I have a few thoughts on the Fourth Circuit's decision today, which struck down NC's omnibus voting rights law. North Carolina's law required voters to show a a photo ID when voting at the polls; it eliminated same date registration; it reduced the number of early voting days; it eliminated pre-registration, among its more notorious accomplishments. The Court concluded that the State enacted the law with a racially discriminatory intent. After finding discriminatory intent, the Court shifted the burden to the State to show that the law would have been enacted in the absence of a racially discriminatory purpose. The Court concluded that NC could not meet that burden and it struck down the law as unconstitutional.
First, the most compelling part of the Fourth Circuit's opinion is its argument that the legislature requested racial data on how voters used various election procedures; after receiving the data the legislature decided which voting procedures they were going to change; the voting procedures that they changed "target[ed] African Americans with almost surgical precision." For example, the legislature requested racial data on voter ID and excluded many of the types of photo IDs used by African Americans but permitted the types of photo IDs used by whites. The legislature requested racial data on early voting. The data revealed that African Americans disproportionately used the first seven days of early voting. The Court noted that "[a]fter receipt of this racial data, the General Assembly amended the bill to eliminate the first week of early voting, shortening the total early voting period from seventeen to ten days." This was also true for same-day registration and provisional voting. For the race and law nerds, the Fourth Circuit's analysis here is similar to the Supreme Court's analysis in Gomillion v. Lightfoot: the way that the voting restrictions affected African Americans is only explainable if African Americans were being intentionally targeted. The Fourth Circuit concluded: "In sum, relying on this racial data, the General Assembly enacted legislation restricting all--and only--practices disproportionately used by African Americans. When juxtaposed against the unpersuasive non-racial explanations the State proffered for the specific choices it made . . . we cannot ignore the choices the General assembly made with this data in hand."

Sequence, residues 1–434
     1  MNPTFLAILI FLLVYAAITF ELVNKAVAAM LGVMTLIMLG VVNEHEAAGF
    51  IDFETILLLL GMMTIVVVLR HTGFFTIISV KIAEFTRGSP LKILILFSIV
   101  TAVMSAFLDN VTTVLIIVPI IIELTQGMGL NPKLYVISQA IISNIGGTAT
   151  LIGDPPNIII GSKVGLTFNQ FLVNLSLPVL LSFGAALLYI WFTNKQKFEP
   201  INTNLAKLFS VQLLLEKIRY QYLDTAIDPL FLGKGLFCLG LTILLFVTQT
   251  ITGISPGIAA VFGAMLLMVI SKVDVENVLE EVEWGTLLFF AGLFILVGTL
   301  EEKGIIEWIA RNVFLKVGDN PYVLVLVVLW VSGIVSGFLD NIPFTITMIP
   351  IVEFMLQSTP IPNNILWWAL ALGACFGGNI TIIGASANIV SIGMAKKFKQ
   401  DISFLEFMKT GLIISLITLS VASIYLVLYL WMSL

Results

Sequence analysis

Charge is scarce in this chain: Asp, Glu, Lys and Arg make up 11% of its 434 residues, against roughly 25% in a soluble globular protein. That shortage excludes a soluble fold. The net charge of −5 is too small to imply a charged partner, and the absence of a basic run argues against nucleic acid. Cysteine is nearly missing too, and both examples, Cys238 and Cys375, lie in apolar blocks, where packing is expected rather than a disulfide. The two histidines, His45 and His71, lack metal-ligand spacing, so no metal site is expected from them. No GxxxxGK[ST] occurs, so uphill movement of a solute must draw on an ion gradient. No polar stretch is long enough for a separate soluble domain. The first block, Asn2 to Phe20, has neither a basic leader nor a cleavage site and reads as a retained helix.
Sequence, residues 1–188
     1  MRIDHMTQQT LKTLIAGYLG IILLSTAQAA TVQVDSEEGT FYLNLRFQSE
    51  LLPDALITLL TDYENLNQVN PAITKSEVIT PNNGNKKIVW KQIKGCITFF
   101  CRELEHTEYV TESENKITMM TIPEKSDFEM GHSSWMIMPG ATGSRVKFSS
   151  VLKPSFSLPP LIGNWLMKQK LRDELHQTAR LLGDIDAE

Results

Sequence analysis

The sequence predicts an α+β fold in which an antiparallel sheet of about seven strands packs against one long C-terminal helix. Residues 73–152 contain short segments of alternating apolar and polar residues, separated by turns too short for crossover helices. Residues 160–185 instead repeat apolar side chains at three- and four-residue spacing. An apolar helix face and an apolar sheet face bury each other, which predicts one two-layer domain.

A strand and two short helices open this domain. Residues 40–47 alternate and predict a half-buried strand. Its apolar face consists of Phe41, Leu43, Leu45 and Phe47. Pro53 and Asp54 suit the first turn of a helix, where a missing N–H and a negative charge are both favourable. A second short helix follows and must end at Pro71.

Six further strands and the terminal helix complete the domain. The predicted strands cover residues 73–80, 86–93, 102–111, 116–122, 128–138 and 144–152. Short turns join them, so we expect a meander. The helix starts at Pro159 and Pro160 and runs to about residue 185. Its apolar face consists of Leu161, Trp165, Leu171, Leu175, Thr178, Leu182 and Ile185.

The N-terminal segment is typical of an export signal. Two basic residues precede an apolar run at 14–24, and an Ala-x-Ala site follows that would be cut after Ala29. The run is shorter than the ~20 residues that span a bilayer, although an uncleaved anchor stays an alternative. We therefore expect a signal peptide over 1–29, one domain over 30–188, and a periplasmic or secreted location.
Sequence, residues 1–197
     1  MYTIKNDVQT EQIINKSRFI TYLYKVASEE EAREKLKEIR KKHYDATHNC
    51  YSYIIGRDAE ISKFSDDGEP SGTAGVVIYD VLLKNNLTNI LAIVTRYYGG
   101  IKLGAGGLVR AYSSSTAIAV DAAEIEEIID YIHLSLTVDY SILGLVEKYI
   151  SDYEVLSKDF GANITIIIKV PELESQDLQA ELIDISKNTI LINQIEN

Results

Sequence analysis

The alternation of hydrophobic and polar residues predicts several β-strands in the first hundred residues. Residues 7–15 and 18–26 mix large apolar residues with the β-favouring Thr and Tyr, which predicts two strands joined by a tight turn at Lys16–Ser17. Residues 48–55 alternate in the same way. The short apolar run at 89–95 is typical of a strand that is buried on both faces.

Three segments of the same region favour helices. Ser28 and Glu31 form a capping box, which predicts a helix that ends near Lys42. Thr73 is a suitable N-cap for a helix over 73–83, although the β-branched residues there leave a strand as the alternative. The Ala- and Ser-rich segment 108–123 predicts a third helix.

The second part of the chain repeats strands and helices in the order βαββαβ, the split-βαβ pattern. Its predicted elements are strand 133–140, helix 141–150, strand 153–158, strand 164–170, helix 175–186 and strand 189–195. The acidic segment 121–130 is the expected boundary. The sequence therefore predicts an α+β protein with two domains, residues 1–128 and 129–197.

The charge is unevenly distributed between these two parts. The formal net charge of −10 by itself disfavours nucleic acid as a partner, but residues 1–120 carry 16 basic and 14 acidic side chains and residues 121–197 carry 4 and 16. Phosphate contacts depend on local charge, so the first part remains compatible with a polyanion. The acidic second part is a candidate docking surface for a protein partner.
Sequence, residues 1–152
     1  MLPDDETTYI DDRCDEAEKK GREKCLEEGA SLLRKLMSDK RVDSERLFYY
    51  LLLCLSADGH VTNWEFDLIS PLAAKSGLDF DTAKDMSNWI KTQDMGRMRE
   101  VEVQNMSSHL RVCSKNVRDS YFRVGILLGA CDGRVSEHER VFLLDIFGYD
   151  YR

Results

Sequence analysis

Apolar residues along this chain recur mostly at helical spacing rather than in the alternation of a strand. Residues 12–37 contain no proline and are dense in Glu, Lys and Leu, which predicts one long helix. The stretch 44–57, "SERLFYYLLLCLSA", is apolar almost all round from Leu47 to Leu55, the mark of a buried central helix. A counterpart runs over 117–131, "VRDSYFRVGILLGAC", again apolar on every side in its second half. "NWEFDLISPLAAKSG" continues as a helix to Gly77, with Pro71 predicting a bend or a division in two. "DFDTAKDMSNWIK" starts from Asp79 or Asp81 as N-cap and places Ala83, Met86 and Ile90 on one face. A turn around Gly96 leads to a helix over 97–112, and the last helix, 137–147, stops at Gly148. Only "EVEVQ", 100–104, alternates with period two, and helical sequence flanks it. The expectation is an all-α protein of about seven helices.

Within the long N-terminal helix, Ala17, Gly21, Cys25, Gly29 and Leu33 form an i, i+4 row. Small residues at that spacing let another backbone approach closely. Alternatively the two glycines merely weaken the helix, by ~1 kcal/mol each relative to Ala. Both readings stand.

Second, the Fourth Circuit also made clear that partisan discrimination is not a compelling defense or justification to a charge of vote denial or franchise restriction. But as importantly, the Court made an important link between partisan discrimination and racial discrimination. The Court said, "intentionally targeting a particular race's access to the franchise because its members vote for a particular party" is racial discrimination. See also pages 40 and 56 where the Court is explicit that "targeting voters who, based on race, were unlikely to vote for the majority party[,] [e]ven if done for partisan ends, . . . constitute racial discrimination." This line of reasoning essentially eliminates the "it was not race it was party" defense. This is very interesting and a potentially powerful development.